Ack Ack Ack ack ack ACK!
Aka: Painting Mars Attacks Martian Grunt Heads
I recently got into the Mantic Mars Attacks Miniatures Game. Poor timing on my part since the game has been out of production for some time, making much of it difficult to come by. I was able to get my hands on a used copy of the base game, and have been having a lot of fun painting the martian grunts. Here's a look at the process I used to get a look close to the martians in the movie (which are deceptively complicated).
That's all there is to it! If you're feeling fancy, a dot of gloss varnish on the eyes will make them pop, but it'll be less noticeable if you've got the helmet domes for them.
I am fire... i am death...
I finally did it... I assembled and painted Smaug. I've had the model for months, but have been too intimidated to give it a go. With a 1000 point all-hero tournament coming up, my ever helpful boyfriend suggested that I break out this beastie. I immediately loved the idea, and hated the fact that it would force me to work so quickly (for me, that is a VERY short timeline). Probably for the best, since otherwise this model probably would have been completed in spurts over the course of months lol... and thus, with 16 days to go before the event, I got to work!
FYI.. Games Workshop states on their website: "This miniature is not recommended for children under the age of 14. Advanced modelling skills are required". This is no joke. I've been painting models since I was 2, and modelling for decades, and this guy was a serious challenge. If you want to do him justice, there can be no short cuts, and he is not beginner friendly. You'll need a shape blade in your x-acto, a couple of solid glues, a metric crap-load of filler (Milliput or Green Stuff, or what-have-you), and a great deal of patience. He will surprise you. He will test you. He will break. You will break. But with perseverance, you will wind up with an unbelievably gorgeous centerpiece to your collection.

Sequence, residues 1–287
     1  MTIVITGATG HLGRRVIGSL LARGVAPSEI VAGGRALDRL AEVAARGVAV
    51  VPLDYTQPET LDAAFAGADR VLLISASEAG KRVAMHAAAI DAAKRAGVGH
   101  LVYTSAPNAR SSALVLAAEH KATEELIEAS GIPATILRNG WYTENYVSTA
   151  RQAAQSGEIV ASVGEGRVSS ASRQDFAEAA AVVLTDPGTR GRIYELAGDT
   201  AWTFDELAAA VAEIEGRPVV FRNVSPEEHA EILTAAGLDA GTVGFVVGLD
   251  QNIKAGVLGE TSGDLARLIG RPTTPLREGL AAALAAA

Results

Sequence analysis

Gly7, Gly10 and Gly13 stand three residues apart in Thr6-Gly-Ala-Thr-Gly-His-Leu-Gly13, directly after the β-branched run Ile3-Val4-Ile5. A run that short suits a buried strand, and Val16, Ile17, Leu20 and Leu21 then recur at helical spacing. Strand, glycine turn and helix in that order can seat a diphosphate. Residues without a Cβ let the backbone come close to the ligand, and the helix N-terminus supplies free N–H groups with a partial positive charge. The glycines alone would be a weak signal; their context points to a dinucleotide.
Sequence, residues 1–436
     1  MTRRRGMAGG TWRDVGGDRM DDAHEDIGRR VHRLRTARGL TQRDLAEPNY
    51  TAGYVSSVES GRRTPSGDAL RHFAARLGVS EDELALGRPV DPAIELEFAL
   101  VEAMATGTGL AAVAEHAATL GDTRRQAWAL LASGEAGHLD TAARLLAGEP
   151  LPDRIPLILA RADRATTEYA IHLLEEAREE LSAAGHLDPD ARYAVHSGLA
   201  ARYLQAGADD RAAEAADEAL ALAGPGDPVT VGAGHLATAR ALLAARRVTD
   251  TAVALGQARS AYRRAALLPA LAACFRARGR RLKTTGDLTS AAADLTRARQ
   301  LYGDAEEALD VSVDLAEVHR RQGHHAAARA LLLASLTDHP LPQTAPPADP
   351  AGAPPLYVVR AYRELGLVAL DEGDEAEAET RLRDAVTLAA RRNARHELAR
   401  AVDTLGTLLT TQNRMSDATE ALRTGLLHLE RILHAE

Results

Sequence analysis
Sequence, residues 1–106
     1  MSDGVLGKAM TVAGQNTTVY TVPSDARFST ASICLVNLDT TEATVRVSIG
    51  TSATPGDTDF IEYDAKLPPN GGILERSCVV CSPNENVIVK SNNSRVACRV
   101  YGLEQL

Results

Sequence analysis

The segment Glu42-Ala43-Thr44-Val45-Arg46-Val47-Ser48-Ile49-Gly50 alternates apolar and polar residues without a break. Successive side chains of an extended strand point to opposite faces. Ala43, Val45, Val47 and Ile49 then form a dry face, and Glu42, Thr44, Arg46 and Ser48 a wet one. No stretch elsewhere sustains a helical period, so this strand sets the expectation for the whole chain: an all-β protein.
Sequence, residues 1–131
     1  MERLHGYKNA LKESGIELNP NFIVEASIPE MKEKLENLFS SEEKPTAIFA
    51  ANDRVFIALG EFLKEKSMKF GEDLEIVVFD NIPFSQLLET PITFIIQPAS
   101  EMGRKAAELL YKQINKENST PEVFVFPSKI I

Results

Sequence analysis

Next I assembled the head and filled the gaps in those pieces. I followed by gluing the head to the neck, and filling the gaps that followed. Then the neck and tail were attached to the body. Gaps aplenty. The texture stamp I created was helpful for maintaining the scale pattern in the newly sculpted areas.
More repairs and texture matching in progress. There was a massive space between the end of the wing and the side of Smaug's body, which had to be bridged.
Belly scales were next, and the pressure was on! I wasn't expecting to be so happy with the outcome of the air brushing, so getting the belly to a place I was happy with was difficult. I used a combination of airbrushing, dry-brushing, washes, and edge highlights to get to this point. Several shades of tan and brown were blended using dry-brushing, blending into the red of the body. Both Agrax and Nuln washes came in handy.
Holding Smaug proved to be one of the biggest challenges. I didn't want to paint in pieces and assemble afterwards because matching the blends to fill the gaps would have been impossible. It would have made some things a great deal easier however... getting a grip on him to access different parts was difficult and sometimes painful. You can see some of the little dents in my hand from his spines above.
The mouth was a lot of fun to paint, I used a variety of shades of purple for the tongue and gums. The teeth were first painted brown, then a tan, then white, so that they looked suitably aged and shaded. I picked out a lot of face scales by hand with a liner brush, but it's difficult to see them in the photo. The entire dragon was varnished with Testor's Dullcote (my personal favourite varnish), and then I glossed the eyes and mouth to make him a little more life-like.
The finished base! I painted in several shades of grey, and then added some natural sand and stones to vary it up. I also added flock.
Here's the finished Smaug on his custom base!
The Making of the Dice Dragons
Dice Dragons have been on my to-do list ever since I sculpted my first dragon! I wanted to wait until I had more experience with the anatomy and textures before giving it a shot though. Here's a quick walk-through of the process!
Since I intended for it to hold a D20, I made a D20-sized ball of tin foil to use to get the pose right. With a great deal of fiddling, I had a pose I was happy with. Then I began working on the details, using very small tools. The hands were a particular challenge, so they were adjusted and readjusted dozens of times before the sculpt was finalized.
Below is a gallery of photos of my first 3 Dice Dragons! I am beyond thrilled with the way these have turned out, and look forward to making them in more colours :)
This is a blog for my artistic endeavours... as I experiment with new mediums, styles, and techniques, I'll post here.